Weekly View - Unsettled
Last week’s 50 bps Fed rate hike was not a surprise. Indeed, Fed chairman Jerome Powell’s assertion that a 75 bps hike had not been actively considered was enough to spark a stock rally. But it proved short-lived, with markets quickly returning to their fears about inflation. With the US labour market remaining tight and with inflation running well ahead of wage growth (the consumer price index rose an annual 8.5% in March, a four-decades high, compared with a 5.5% rise in average hourly earnings in April), markets may not be fully assured we won’t have a wage-price spiral, even as US credit growth continues to surge and consumers are still sitting on cash accumulated during the pandemic. With markets preferring the inflation threat to be tackled swiftly, they have been doing the Fed’s job by squeezing bond yields higher, hurting growth stocks in particular.
Last week saw other central banks continue to scramble to deal with persistent inflation. The Central Bank of Brazil and the Bank of England raised policy rates, as did (more unexpectedly) the Australian Reserve Bank and the Reserve Bank of India. The Bank of England’s (BoE) 25 bp rate hike came with some gloomy comments about the path ahead. The Bank thinks inflation could peak at an annual rate of over 10% only in October and also sees the UK economy contracting later this year. Just as in eastern Europe (although the Russian president Vladimir Putin did not use his Victory Day speech to officially declare war on Ukraine), the geopolitical temperature is rising on Europe’s western fringe. After the rise of the Scottish National Party, the nationalist Sinn Féin’s triumph in the Northern Ireland election could feed speculation about the breakup of the UK. What about the European Central Bank (ECB)? Some of its policymakers have made it clear that deposit rate could start to rise in July. Some countries are more vulnerable to rate rises than others, with Italian spreads hitting 200 bps last week. How the ECB manages to help countries facing higher funding costs will be an important test of its credibility, especially as it is scheduled to reduce its net purchases of government bonds. Yet the ECB may want to move fast to avoid raising rates in a declining economic environment later in the year. In the meantime, we remain underweight European government bonds.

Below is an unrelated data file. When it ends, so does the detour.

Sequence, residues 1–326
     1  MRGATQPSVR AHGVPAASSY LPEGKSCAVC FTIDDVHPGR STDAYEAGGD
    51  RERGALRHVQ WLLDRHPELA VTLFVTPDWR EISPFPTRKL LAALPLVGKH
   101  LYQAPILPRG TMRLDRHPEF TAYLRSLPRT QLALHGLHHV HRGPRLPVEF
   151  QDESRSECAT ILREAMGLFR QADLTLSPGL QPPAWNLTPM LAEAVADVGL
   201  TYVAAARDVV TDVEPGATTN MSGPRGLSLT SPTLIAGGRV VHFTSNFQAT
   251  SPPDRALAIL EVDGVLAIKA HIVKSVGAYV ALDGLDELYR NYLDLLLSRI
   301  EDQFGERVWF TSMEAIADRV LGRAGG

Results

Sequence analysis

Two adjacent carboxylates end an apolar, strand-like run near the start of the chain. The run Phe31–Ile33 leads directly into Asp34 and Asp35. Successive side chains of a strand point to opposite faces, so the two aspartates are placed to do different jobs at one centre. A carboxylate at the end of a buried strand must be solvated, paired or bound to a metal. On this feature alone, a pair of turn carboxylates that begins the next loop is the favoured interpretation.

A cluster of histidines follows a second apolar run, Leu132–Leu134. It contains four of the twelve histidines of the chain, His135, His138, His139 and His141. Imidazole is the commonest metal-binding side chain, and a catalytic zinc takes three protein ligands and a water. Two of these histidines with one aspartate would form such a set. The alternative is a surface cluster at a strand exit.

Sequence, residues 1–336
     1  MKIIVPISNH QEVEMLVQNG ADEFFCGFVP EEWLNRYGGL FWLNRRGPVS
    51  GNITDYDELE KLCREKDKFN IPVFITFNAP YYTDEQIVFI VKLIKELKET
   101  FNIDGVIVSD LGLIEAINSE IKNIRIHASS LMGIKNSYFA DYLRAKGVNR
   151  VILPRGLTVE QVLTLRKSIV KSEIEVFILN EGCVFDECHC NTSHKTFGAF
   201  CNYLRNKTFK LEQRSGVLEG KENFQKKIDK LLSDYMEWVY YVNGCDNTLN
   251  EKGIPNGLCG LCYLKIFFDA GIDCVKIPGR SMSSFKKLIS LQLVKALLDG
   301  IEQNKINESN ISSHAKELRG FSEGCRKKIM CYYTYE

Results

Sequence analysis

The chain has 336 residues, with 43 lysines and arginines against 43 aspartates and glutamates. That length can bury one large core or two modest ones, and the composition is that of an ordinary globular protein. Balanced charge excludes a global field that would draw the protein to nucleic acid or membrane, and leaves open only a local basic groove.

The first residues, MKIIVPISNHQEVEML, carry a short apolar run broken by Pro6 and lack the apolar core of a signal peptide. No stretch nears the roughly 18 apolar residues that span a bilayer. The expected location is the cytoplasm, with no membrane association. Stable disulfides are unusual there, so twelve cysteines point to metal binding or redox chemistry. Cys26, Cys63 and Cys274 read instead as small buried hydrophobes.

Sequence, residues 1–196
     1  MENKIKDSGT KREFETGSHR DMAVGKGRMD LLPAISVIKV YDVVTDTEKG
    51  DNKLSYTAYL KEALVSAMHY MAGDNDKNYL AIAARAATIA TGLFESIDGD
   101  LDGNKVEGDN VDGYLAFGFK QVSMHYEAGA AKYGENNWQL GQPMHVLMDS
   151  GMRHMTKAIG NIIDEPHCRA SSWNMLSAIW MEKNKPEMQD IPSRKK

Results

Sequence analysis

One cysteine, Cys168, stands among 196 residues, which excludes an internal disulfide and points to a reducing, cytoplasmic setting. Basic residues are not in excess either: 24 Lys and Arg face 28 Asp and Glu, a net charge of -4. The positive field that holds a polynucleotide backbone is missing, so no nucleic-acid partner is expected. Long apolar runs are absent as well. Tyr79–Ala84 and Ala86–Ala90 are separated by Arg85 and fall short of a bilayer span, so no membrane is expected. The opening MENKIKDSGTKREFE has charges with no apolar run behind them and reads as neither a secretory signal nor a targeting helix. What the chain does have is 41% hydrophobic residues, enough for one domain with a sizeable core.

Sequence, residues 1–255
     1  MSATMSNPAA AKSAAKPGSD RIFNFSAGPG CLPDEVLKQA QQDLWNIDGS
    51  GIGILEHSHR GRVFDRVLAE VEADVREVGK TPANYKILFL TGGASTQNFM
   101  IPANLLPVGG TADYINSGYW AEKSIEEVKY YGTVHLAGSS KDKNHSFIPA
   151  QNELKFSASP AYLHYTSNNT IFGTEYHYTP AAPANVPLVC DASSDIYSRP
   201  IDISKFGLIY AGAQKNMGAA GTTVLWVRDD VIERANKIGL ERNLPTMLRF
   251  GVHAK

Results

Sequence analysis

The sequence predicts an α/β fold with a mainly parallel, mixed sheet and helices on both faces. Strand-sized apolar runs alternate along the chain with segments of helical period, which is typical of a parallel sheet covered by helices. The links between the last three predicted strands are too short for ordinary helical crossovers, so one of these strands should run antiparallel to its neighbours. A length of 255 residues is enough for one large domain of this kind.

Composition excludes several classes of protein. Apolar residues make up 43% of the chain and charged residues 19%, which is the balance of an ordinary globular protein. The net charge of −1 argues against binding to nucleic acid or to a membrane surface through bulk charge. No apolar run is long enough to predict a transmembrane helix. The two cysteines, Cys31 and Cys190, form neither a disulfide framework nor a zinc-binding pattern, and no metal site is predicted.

All in all, volatility remains high on equity and bond markets alike. And yet; despite all the market anxiety, Q1 earnings reports have been decent. And while market conditions have become more challenging, discerning investors are still making liquidity available for some initiatives. Fitting in neatly with our sustainability theme, a high-profile climate fund last week raised USD7.5 bn.